NEW YORK -- When Governor Andrew Cuomo signed a $320-million reduction in the downstate payroll tax on Monday, the MTA, which runs New York City's subways, lost a critical, dedicated revenue stream. Cutting the payroll tax was essential to getting Cuomo's much-touted income tax deal through the state Senate. But the burden that deal places on the MTA may make it even more difficult for the transit agency to fill a $9.9 billion capital budget gap in the years leading up to 2014.
Transit advocates warn that the governor's proposal for a state infrastructure fund that relies on "public-private partnerships" may do little to make up the shortfall for one of the state's most important infrastructure elements: the MTA subways.
Cuomo's office promised in the tax deal's announcement that they would maintain "the necessary funding for the MTA from other sources."
Those "other sources," however, have yet to be identified, and transit advocates worry they may never materialize, particularly if the budget situation gets worse next year. The governor himself has noted that revenue projections are "collapsing."
"The only way the partial elimination of the tax won't hurt the MTA is if Cuomo is serious about finding a permanent replacement for the money," said Benjamin Kabak, who writes about transit at the blog Second Ave. Sagas.
Even if the MTA's budget gap for next year created by the payroll tax elimination is closed, he noted, "Just giving the MTA $320 million in 2012 won't stem the tide."
"What happens in 2013 when the payroll funds and the discretionary dollars aren't there? The answer is clear: steeper fare hikes or more service cuts or both," Kabak said.
What's more, transit fans looking to the proposed New York Works Infrastructure Fund for a permanent solution to the payroll tax revenue shortfall may be disappointed.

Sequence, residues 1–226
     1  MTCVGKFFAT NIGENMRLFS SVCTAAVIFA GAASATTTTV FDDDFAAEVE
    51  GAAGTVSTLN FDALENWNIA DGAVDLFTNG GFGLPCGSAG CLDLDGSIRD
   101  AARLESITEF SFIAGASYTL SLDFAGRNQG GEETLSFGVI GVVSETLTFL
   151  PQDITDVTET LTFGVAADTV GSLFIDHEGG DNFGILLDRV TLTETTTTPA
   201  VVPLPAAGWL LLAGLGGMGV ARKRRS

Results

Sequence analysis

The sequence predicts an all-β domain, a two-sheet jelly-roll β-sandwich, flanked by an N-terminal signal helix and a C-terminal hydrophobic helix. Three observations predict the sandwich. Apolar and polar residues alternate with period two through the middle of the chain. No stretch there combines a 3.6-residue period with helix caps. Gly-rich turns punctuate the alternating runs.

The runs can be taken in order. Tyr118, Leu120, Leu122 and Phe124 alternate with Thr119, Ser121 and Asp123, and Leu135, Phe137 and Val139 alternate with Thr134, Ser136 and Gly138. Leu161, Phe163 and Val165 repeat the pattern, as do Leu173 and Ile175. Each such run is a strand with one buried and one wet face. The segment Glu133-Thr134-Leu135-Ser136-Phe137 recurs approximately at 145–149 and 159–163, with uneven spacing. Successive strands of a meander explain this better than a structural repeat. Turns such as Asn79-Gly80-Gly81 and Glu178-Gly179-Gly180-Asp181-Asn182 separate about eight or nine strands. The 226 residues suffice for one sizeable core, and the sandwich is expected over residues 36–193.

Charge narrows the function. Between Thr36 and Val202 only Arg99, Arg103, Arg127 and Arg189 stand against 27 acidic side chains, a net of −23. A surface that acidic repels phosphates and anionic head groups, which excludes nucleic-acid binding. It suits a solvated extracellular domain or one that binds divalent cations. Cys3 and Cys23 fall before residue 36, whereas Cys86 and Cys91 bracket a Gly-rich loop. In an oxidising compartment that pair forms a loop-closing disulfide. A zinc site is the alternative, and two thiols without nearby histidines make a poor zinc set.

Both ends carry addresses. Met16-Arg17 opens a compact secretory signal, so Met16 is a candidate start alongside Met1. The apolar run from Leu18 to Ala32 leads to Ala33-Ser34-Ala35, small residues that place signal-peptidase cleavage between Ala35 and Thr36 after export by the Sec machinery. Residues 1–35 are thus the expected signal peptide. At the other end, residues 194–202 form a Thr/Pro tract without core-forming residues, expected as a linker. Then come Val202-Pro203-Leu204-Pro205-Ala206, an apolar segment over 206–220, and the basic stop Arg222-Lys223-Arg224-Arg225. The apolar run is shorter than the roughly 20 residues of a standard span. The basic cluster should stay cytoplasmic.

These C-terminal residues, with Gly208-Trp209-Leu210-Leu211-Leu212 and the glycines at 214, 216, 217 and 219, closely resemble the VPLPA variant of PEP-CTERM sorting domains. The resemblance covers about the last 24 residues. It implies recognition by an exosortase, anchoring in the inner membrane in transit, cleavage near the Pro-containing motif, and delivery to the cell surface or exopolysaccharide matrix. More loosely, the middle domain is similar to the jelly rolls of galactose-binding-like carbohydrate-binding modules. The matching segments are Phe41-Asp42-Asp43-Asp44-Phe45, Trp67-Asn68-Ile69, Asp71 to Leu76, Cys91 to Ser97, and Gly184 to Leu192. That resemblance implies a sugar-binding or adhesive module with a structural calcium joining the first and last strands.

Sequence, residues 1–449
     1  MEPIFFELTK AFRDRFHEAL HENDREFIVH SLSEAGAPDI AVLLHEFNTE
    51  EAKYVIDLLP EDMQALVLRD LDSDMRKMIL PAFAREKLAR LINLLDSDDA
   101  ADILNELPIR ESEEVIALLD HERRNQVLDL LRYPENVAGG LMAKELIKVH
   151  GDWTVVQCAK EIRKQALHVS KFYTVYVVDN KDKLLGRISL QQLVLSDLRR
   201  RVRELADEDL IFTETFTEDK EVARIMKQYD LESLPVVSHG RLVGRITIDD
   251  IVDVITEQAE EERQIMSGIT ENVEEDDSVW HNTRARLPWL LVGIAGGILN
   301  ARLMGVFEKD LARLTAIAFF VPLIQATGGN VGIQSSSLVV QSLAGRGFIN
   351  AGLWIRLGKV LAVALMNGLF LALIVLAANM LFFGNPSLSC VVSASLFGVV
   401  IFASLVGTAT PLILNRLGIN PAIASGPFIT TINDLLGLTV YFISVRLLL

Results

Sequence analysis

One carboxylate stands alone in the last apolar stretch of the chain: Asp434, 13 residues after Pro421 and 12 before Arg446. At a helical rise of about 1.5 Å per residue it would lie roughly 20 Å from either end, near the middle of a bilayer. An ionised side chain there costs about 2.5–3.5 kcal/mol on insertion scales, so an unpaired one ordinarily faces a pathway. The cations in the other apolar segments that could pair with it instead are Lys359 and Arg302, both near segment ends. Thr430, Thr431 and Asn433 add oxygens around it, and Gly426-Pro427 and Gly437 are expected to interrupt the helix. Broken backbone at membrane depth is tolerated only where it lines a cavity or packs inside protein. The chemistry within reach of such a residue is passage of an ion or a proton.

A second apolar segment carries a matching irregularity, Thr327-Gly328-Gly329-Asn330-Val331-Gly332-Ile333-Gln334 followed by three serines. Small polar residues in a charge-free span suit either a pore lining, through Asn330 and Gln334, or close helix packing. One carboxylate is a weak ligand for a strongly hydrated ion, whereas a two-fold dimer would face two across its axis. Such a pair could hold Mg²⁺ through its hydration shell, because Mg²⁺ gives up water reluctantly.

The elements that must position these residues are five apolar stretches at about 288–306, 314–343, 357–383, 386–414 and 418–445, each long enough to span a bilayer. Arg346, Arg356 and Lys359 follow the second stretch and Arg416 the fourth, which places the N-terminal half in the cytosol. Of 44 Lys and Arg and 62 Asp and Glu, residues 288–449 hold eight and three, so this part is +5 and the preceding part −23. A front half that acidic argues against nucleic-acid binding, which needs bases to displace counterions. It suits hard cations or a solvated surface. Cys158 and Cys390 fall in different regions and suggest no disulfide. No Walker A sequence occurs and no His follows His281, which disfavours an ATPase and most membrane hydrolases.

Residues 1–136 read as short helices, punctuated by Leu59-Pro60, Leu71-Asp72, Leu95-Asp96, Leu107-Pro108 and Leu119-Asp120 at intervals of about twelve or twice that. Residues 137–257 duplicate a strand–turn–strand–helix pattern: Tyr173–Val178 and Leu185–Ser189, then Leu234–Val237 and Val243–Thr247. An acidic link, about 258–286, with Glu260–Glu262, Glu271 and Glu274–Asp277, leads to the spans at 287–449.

As a sort of gimme for New Yorkers worried about the future of the state's roads and rails, Cuomo made the unrelated announcement of a $1 billion infrastructure fund of accelerated future spending as part of the grand tax bargain. An additional "public/private infrastructure fund would raise up to $1 billion from pension funds and private investment," a press release from his office said.
The governor has promised to reveal more details in January, but if private capital invests in infrastructure, it will likely be as part of so-called public-private partnerships.
In a recent op-ed, the governor said the fund would "promote innovative public-private partnerships with business and labor."
Those partnerships don't equal free money. They often pay private investors back by giving them a cut of toll revenues or other "user fees" thrown off by new infrastructure. Tolls would be used to pay back the cost of building a replacement for the Tappan Zee Bridge, a top Cuomo infrastructure priority, for instance.
"I think you need to look at all the options," said Jay Simson, executive director of the American Council of Engineering Companies of New York. "Typically the private sector is more efficient than the public sector."
Cuomo said in a press conference on Friday that the infrastructure fund would make money available to the MTA.
Finding private investment opportunities for New York City's chronically money-losing subways, however, would be difficult.
Whether the investors are private companies, or union pension funds (as Cuomo has suggested), "they're going to want a good rate of return," said Gene Russianoff of the Straphangers Campaign.
"That raises all sorts of questions about whether the money is good for the agency," he said. He noted that transit authorities can often borrow money more cheaply than private firms.
"Public/private partnerships make sense for one-offs such as when the MTA is opening a new subway line, but for long-term state of good repair maintenance projects, they make less sense," said Kabak. "It's tough to convince a private investor to give favorable [terms] for standard repairs that don't materially increase ridership or revenue levels."